See, reach and use parts of the charging unit
Once the charging unit has been installed in a suitable setting, people need to be able to see, reach and use every part of it.
Parts of the charging unit
Charging units vary, but can include features such as:
- Connectors and their holders
- Lights and illuminated signs or labels
- Contactless payment pads
Make sure each part of the charging unit is recognisable or well-described so that the user knows what it is.
For example, a contactless payment pad is often a black box with a raised black symbol on it which can be difficult to see. Where contactless pads are used, consider making them easy to see and recognise by using good contrast and labelling.
Remember that someone using the charging point may not be the driver, so do not assume that the user will have good enough vision to drive. Equally, drivers who need reading glasses that are not required for driving may not have these with them.
“I like not needing my reading glasses to see the screen”
Well-designed labelling can help to make the parts of the unit easily recognisable. Make sure that labels are easy to read by using high contrast and large text and symbols.
Put the labels close to their features so that it is clear what they are referring to. If there are similar features on the unit (such as different types of similar connector), describe each one clearly to help the user to choose the right one.
Where screens are used, make sure that they can be seen from seated and standing positions and are visible even in bright conditions. This may require measures such as positioning the charging unit away from bright sunlight, ensuring adequate screen brightness, shielding the screen, and using screens that do not degrade in strong sunlight.
Combining screen tilt with the right screen height can make the screen accessible to more people – see PAS 1899:2022 (opens in a new window) for more about screen height and tilt.
Other illuminated parts, such as lights and illuminated signs or labels should also be visible in bright conditions.
Reach the features
All parts of the unit must be reachable by standing and seated users. Some people cannot extend their arms fully when reaching because of reduced strength, pain or fatigue, or their use of walking aids.
The elements of the charging units must be reachable horizontally (reaching forwards or sideways) and vertically (up or down from the person’s current position).
One easy mistake to make is to design all of the elements of the unit to be at the correct heights and then to install the charging unit up on a kerb or concrete plinth so that the features are then too high to reach, so bear in mind that each person must be able to reach all of the elements from their ground level once the unit is in place.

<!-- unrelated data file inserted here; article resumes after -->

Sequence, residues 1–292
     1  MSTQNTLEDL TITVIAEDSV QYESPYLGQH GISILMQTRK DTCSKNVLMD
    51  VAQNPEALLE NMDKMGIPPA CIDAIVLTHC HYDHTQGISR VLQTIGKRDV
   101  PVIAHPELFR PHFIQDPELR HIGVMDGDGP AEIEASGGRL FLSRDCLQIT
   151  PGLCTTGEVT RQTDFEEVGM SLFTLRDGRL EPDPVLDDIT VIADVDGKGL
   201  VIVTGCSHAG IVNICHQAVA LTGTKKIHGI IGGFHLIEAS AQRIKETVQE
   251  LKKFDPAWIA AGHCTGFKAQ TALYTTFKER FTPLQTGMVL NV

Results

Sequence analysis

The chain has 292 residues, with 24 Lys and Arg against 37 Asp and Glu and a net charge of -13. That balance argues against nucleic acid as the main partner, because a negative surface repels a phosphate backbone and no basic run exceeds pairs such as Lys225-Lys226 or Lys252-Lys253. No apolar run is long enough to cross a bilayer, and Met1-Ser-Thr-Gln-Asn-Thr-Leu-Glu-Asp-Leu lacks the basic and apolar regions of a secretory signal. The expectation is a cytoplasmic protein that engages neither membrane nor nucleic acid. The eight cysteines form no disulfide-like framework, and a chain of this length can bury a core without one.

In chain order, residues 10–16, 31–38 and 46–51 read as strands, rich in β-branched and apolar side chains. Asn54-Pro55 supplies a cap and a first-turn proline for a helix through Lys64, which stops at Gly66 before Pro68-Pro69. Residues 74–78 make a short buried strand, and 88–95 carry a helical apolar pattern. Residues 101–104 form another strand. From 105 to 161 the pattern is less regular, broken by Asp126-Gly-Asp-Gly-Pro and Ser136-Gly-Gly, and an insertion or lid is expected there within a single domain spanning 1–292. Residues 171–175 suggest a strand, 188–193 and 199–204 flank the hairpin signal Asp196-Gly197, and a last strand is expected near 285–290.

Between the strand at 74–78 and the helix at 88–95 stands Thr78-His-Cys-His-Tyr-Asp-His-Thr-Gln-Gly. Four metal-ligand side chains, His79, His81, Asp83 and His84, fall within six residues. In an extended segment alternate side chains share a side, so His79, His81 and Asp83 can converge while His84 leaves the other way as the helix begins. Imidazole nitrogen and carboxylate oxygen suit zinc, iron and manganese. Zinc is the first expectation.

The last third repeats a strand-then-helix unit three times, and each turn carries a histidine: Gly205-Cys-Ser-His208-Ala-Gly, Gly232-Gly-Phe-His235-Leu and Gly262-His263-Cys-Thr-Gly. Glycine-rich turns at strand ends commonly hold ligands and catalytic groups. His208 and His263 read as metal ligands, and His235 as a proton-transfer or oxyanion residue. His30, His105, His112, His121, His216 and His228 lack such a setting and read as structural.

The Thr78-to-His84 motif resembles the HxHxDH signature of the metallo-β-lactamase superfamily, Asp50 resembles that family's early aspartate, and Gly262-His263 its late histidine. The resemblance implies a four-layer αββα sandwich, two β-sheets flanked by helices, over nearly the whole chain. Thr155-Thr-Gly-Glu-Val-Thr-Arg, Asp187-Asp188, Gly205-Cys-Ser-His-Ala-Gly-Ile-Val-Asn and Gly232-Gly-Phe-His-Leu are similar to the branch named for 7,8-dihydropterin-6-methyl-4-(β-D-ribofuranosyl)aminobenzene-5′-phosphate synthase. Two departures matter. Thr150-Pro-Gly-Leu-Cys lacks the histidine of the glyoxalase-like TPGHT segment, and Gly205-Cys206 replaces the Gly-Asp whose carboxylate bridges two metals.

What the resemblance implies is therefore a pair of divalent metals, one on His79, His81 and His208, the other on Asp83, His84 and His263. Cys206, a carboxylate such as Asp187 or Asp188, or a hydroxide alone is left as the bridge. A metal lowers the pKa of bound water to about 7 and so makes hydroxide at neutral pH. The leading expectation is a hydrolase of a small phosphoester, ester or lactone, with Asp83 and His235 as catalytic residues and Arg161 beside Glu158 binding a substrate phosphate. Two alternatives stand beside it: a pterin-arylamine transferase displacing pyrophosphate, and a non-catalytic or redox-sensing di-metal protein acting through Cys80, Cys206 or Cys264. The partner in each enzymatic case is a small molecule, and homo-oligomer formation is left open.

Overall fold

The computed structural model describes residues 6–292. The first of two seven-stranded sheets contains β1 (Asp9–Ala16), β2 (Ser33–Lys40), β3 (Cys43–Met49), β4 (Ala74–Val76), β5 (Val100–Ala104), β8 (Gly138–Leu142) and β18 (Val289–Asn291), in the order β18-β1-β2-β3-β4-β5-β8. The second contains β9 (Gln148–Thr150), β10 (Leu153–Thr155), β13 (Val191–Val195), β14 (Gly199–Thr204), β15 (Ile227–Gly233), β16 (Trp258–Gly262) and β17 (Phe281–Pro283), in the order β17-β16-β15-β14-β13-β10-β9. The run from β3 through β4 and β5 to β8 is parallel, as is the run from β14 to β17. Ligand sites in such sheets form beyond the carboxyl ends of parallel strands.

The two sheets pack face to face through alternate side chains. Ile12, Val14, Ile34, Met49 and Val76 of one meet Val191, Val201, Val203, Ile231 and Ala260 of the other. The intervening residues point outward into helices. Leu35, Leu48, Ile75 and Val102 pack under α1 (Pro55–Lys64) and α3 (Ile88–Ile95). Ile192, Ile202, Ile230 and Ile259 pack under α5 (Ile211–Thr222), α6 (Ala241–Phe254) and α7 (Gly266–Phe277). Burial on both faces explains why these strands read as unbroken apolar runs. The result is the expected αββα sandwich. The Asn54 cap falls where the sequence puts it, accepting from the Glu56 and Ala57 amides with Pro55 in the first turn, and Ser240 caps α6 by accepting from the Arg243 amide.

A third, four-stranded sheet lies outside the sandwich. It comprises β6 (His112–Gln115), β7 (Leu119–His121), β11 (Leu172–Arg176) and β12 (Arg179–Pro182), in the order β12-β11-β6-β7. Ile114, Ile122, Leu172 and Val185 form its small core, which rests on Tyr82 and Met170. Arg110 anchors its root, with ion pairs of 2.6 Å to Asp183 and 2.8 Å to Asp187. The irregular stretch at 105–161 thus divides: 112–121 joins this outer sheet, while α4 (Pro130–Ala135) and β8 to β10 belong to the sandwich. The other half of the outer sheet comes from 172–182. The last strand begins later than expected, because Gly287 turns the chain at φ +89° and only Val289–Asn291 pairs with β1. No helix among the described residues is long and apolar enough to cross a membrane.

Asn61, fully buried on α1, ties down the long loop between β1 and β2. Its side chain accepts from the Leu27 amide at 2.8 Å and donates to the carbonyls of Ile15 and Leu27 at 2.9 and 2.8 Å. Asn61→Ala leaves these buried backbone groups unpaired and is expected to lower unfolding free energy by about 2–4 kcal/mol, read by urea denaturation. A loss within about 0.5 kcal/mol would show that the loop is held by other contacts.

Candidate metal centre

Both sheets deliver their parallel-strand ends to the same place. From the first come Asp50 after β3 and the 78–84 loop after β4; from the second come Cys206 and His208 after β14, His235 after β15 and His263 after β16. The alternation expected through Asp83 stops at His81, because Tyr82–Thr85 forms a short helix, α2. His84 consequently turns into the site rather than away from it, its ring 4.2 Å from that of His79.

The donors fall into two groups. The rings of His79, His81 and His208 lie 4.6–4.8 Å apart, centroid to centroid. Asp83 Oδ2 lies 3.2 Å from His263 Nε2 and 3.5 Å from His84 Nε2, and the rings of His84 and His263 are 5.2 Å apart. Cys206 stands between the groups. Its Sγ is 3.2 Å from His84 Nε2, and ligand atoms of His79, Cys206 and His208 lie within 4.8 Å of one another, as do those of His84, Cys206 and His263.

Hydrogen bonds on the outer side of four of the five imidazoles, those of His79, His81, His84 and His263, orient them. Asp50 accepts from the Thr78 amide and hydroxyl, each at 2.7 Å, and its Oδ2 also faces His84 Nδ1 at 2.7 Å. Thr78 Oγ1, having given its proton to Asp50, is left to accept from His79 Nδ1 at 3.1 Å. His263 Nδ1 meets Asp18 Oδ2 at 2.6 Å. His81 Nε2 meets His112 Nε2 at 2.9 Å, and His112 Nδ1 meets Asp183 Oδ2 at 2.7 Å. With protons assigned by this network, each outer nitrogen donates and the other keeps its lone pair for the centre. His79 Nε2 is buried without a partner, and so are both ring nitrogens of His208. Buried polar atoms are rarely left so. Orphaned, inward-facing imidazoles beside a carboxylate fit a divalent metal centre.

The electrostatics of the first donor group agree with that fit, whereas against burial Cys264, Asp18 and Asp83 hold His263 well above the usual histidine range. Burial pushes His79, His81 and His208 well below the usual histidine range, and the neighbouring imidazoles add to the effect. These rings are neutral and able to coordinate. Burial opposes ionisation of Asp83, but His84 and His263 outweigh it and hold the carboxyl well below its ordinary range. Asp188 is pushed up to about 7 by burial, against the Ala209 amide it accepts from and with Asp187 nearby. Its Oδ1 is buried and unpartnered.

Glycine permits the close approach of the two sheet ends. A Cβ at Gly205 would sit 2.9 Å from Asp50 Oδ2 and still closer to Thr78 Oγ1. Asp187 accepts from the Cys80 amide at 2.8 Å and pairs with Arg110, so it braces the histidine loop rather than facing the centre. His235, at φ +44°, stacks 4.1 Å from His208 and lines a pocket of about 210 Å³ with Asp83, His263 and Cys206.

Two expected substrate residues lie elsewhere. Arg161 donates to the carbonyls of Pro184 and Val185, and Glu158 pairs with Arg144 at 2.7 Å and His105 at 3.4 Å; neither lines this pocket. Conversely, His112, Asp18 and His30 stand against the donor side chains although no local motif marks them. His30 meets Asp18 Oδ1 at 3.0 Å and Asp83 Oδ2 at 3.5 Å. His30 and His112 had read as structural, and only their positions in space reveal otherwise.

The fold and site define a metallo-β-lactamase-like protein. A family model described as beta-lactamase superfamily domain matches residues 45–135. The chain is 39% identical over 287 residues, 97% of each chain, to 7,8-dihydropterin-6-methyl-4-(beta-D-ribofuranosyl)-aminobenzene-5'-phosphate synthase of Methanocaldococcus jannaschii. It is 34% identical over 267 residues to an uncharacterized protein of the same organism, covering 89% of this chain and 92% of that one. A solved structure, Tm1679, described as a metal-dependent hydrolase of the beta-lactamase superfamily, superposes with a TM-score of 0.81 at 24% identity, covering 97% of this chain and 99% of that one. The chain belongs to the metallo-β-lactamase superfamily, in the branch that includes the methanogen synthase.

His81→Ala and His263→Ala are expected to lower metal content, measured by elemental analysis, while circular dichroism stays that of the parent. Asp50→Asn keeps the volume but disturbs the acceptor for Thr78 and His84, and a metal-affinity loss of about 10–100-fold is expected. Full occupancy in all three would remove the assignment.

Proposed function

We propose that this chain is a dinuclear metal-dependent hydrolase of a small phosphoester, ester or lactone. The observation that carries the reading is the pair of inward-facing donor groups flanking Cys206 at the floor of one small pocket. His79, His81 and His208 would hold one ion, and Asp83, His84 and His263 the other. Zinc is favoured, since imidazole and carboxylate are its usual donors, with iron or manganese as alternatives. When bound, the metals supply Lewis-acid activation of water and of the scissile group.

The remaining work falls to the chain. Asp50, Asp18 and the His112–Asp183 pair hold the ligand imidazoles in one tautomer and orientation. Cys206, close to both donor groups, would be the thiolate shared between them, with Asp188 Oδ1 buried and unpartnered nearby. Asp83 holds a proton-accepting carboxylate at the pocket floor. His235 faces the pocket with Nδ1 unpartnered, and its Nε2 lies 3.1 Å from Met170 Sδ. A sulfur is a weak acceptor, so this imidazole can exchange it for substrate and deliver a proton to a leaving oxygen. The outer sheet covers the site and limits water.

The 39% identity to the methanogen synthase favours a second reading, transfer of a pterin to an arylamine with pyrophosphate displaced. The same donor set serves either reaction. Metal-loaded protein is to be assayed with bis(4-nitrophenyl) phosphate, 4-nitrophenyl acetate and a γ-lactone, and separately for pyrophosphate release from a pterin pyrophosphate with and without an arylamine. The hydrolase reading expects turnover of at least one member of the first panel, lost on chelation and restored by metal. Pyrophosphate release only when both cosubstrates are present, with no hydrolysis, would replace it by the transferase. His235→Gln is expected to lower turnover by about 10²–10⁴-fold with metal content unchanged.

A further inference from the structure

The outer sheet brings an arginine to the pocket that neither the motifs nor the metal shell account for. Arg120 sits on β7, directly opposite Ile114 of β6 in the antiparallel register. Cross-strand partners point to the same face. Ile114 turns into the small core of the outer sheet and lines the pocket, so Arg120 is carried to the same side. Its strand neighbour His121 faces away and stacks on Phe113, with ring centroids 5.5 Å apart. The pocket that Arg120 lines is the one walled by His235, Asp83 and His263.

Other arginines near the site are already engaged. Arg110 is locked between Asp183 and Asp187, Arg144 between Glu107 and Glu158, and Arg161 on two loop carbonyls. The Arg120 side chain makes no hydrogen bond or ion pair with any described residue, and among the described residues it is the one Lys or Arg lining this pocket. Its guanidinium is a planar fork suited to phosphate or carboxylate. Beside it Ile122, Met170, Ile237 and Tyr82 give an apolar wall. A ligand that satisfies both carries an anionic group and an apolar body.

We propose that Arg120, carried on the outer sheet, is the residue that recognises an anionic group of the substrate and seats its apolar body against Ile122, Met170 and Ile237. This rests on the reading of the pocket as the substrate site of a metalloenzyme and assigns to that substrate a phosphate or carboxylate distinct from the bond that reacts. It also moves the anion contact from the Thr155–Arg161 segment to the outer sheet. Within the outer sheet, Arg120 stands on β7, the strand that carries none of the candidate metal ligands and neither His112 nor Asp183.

Units that are set too far back on a kerb can cause similar problems.
“I don’t like it when chargers are up on a kerb and the socket is on the side of the unit – it’s almost impossible to reach from my wheelchair”
Use the features
It is important to remember that the strength and dexterity needed to actively use a feature (for example a connector or cable) may well be more than the person needs to simply reach it. Simply being able to reach a part does not mean that someone can actually use it in a meaningful way.
Actively using parts of the charging unit can involve holding a position (to touch a screen in a controlled way or use a fine grip to hold a contactless payment card against a payment pad) or supporting a weight for a short time (when holding a connector).
This can be difficult for some people, so some proposed maximum forces needed to use some parts of public charging points are provided in PAS 1899:2022 (opens in a new window).
Other people may choose to let go of a walking aid such as a walking stick or crutch when using the charging unit, so consider providing somewhere to support those.
Make sure that all the features require minimal effort to use, and where possible give feedback to show that they have been used correctly. See our Start, stop and pay for charging page for more on this.
The new standard for accessible EV charging
Take a look at the requirements and recommendations set out in PAS 1899:2022 Electric vehicles – Accessible charging – Specification
Explore our case studies
Our case studies have been drawn together from first-hand accounts that were shared with us by disabled people and those close to them. Each story is made up of insights from several individuals, to share as much of our research as possible and to illustrate the impact of good and bad design on real people.